Climate change is the defining issue of our time. Perhaps no generation is more at risk to the impacts of this issue than those who are in school today.
In a study presented to the United Nations Climate Change Conference in 2016, a survey revealed that 40% of Generation Z reported climate change as their top priority. This beat out topics like terrorism, poverty, the economy, and unemployment.
All across the country, we can see examples of youth coming together and calling for action on this global problem, including students in Western Massachusetts. Last month, students from six high schools participated in a Youth Climate Summit hosted by Mass Audubon’s Arcadia Wildlife Sanctuary and the Hitchcock Center for the Environment.
The Summit’s two days of learning sought to empower 50+ high school students, supported by 10 local college students, teachers, and workshop leaders, to take action on climate in their schools and communities.
Presentations and workshops were led by environmental educators, an ecologist, a self-described “bicycle-maniac,” and a hip-hop artist who sings about sustainability and climate action. The workshops focused on topics such as climate change communications, civic engagement, sustainable agriculture, biking, and more.
Creating Youth Leaders
The goal of the summit is not only to educate students about climate change, but also help students realize they can lead their schools, homes, and communities towards effective climate action. Giving students the tools to advocate for real change allows them to recognize the power of their own voices.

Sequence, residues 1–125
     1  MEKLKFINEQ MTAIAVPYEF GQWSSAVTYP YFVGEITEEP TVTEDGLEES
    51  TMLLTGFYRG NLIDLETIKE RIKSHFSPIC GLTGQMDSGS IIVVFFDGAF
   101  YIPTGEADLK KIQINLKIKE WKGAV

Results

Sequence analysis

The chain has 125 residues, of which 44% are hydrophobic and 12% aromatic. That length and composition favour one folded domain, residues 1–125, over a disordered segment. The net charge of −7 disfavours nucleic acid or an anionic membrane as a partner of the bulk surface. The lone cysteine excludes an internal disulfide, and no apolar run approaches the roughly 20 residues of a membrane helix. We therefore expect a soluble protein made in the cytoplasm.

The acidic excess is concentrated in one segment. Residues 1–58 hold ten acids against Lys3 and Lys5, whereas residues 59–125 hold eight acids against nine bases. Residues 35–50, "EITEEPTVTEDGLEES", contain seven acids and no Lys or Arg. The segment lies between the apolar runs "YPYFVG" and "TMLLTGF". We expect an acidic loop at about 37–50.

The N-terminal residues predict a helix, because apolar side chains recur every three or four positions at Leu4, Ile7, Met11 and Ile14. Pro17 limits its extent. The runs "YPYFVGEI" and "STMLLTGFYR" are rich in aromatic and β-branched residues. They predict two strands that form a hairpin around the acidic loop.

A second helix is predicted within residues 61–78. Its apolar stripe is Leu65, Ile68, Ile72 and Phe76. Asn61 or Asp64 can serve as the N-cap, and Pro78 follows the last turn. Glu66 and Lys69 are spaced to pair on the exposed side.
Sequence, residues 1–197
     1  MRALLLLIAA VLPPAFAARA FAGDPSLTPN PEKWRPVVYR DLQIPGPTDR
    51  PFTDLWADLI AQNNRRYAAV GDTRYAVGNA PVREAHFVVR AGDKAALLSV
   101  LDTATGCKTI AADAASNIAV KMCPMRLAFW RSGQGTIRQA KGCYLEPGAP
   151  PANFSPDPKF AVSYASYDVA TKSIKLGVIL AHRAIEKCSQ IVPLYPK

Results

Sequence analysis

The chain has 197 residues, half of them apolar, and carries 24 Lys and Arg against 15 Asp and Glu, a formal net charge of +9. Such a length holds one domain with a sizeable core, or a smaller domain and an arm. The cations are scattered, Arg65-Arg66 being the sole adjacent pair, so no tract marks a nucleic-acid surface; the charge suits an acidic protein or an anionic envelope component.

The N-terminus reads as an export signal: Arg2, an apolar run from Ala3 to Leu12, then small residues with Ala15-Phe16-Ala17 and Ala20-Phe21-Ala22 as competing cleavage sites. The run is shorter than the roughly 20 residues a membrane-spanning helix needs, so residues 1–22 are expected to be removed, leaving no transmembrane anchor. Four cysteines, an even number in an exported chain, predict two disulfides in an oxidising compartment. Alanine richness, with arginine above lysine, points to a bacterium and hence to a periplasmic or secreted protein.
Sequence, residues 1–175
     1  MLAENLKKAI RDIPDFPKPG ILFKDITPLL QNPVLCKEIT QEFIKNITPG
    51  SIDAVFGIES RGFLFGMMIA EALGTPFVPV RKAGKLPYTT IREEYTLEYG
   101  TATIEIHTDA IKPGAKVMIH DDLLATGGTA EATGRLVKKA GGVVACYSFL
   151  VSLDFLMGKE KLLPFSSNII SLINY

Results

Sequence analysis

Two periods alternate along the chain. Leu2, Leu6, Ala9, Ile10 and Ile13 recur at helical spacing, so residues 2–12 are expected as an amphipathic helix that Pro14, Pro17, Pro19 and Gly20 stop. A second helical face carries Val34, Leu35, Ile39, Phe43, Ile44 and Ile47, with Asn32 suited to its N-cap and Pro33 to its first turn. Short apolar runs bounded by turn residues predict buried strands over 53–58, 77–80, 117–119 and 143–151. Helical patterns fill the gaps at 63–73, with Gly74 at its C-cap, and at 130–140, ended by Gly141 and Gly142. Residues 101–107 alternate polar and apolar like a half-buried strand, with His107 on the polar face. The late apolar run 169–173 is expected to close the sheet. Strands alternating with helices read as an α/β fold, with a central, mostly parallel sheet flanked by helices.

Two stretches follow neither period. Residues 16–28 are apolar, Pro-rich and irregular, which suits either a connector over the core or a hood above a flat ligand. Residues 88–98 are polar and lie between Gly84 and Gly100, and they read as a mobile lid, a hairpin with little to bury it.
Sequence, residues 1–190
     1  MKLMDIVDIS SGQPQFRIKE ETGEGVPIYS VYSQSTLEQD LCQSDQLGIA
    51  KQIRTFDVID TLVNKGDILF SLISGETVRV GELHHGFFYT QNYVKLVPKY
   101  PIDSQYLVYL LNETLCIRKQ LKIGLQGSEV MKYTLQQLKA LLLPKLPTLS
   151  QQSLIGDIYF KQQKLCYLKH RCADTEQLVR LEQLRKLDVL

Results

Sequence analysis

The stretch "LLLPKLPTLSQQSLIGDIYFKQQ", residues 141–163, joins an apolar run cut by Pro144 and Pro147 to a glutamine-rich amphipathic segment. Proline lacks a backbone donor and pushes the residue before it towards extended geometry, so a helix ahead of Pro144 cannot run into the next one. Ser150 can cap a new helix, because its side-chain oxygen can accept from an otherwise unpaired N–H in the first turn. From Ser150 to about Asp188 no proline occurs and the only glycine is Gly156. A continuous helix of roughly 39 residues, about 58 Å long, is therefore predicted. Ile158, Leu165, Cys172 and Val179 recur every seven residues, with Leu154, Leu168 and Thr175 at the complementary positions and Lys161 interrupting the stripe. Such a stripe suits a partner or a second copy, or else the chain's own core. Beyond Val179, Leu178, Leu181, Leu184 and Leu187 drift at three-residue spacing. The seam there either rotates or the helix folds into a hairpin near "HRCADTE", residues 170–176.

One participant noted: “I didn’t really know the best ways to advocate for and participate in climate change prevention, and I feel like I have those skills now.”
This summit’s impact reached beyond those in attendance. One young student, who read about it in the Daily Hampshire Gazette, was inspired to speak out about the importance of climate action at all levels of government by writing her own letter-to-the-editor.
Learning and Growing
This Youth Climate Summit expanded on last year’s one-day summit, allowing student teams to develop a Climate Action Plan for their school, including direct actions and proposals for addressing climate change drivers and impacts. The Climate Action Plans included a wide range of strategies such as increasing climate education at a younger age, removing bottled water from their school and installing water refill stations, organizing a zero waste week, and even installing an array of solar panels in the school’s parking lot.
Thanks to support from the several local businesses, Northampton Education Foundation, and donations from the Community Foundation of Western Massachusetts (B & E Youth Futures Fund, Edwin P. & Wilbur O. Lepper Fund and Joan Walker Memorial Fund) the summit was able to give $500 to each group for implementation of their Climate Action Plans.
In addition to the fun opportunity to connect with other climate-minded peers, students reported their participation increased their comfort levels with climate change as indicated by pre- and post-surveys.
Mass Audubon hopes to expand this program by launching similar Summit’s across the state in 2019.